The Biden administration on April 15 imposed fresh sanctions on Russia and expelled some diplomatic personnel over cyberattacks allegedly carried out by Moscow against the United States.
President Joe Biden signed an executive order that “provides strengthened authorities to demonstrate the Administration’s resolve in responding to and deterring the full scope of Russia’s harmful foreign activities,” the White House said in a statement.
The executive order was designed to send a message to the Kremlin that the White House will “impose costs in a strategic and economically impactful manner on Russia if it continues or escalates its destabilizing international actions,” including “efforts to undermine the conduct of free and fair democratic elections” and institutions in the United States.
The White House news release also made mention of Russia’s alleged attempts to “engage in and facilitate malicious cyber activities against the United States and its allies and partners.”
Russia is accused of facilitating a cyberattack in December against SolarWinds software used by a number of federal agencies. In that intrusion, Russian hackers are believed to have infected widely used software with malicious code, enabling them to access the networks of at least nine agencies in what U.S. officials believe was an intelligence-gathering operation aimed at mining government secrets.
A spokesperson for the Kremlin, Dmitry Peskov, condemned the fresh round of sanctions and promised that Russia would respond against the United States.
“We condemn any pursuit of sanctions, we consider them illegal. In any case, the principle of reciprocity in this matter is valid; reciprocity in a way that best serves our interests,” Peskov said, according to the TASS news agency.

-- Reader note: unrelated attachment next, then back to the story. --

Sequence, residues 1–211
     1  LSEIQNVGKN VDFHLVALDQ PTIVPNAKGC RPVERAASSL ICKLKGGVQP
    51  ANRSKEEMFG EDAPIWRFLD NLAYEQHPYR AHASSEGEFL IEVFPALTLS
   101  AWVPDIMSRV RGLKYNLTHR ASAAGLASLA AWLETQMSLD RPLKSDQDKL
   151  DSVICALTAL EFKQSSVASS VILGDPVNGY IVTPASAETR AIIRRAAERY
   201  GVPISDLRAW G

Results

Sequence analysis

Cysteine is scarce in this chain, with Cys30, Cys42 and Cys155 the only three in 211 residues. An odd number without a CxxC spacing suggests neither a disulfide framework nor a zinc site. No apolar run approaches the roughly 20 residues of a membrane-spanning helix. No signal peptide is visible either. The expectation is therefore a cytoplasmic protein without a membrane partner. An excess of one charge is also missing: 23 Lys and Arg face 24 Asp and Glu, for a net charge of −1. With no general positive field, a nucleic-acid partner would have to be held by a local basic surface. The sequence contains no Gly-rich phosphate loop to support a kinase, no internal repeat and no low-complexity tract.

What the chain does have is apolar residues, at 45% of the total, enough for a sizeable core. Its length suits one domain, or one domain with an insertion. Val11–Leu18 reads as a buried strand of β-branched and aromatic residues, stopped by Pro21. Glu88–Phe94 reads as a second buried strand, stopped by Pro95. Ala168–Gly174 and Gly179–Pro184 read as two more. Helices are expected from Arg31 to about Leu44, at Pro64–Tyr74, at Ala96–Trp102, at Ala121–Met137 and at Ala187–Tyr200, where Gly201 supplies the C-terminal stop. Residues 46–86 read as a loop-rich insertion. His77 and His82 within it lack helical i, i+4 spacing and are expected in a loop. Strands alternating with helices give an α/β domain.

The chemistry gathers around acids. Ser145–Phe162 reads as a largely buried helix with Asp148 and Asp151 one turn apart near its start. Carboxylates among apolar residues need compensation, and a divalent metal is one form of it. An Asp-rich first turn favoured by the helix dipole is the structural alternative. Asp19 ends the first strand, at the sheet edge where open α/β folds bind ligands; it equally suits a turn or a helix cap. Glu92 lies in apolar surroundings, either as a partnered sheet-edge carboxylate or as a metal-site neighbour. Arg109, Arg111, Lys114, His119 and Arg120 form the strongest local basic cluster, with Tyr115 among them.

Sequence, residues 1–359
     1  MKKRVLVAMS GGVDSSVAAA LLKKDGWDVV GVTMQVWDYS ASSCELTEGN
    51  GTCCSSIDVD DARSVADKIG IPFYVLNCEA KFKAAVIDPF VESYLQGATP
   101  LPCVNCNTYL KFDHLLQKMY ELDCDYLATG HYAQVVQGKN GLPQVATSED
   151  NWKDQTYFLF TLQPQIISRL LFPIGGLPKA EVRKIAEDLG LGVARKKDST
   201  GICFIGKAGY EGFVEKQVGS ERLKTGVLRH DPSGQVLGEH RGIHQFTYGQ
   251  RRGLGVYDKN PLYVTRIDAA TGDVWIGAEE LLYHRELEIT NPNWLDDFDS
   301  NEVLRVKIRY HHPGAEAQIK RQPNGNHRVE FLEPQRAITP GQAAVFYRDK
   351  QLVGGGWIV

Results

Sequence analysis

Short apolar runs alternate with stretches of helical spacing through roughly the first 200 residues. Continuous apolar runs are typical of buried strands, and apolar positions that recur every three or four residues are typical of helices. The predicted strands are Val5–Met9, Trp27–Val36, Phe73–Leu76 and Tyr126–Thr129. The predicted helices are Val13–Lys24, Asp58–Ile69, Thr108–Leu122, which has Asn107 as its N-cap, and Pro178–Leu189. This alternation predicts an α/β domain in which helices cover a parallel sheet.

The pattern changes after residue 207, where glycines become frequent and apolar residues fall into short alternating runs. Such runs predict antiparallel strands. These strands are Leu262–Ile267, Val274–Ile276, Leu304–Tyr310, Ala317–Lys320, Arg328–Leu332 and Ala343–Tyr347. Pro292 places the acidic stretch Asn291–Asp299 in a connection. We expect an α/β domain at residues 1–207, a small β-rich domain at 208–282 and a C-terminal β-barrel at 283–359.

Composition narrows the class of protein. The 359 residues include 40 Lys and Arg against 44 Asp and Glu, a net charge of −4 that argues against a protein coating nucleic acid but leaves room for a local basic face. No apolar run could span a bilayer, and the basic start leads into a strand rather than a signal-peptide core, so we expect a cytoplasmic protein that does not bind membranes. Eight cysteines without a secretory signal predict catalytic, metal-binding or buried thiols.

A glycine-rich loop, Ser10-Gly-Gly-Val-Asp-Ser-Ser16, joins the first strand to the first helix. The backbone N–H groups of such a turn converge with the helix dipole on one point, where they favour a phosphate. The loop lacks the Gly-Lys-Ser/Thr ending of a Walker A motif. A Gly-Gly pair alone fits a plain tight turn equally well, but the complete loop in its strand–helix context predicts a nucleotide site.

About a possible Putin–Biden meeting, Peskov said, “It goes without saying that possible sanctions being discussed would by no means promote such a meeting.”
According to the White House: “The [Russian Foreign Intelligence Service’s] compromise of the SolarWinds software supply chain gave it the ability to spy on or potentially disrupt more than 16,000 computer systems worldwide. The scope of this compromise is a national security and public safety concern. Moreover, it places an undue burden on the mostly private sector victims who must bear the unusually high cost of mitigating this incident.”
The executive order announced April 15 includes sanctions against six Russian firms that support the country’s cyber activities, and 32 individuals were also hit with sanctions.
The Biden administration said that the 10 diplomats being expelled include representatives of Russian intelligence services.
Despite the new order, Biden believes he should hold a summit with Russian President Vladimir Putin to talk about “issues facing our relationship,” said national security adviser Jake Sullivan in a CNN interview on April 15. U.S.–Russia relations can be “stable and predictable,” he said.
“President Biden made no bones about the fact we will be taking actions this week, but he also indicated that he wants to get to that stability in this relationship, and he believes that if President Putin is prepared to do that as well, we can find a course ahead that does not lead to a cycle of confrontation,” Sullivan said.
The actions are the second major round of sanctions imposed by the Biden administration against the Russian government. Last month, the U.S. sanctioned seven mid-level and senior Russian officials along with more than a dozen government entities for its treatment of opposition leader Alexei Navalny and his subsequent jailing.
The White House decided to keep the Trump-appointed U.S. ambassador to Russia and invited Putin to a climate change conference in late April.
It wasn’t immediately clear what, if any, other actions might be planned against Russia. Officials had previously said they expected to take actions both seen and unseen.
The Associated Press contributed to this report.
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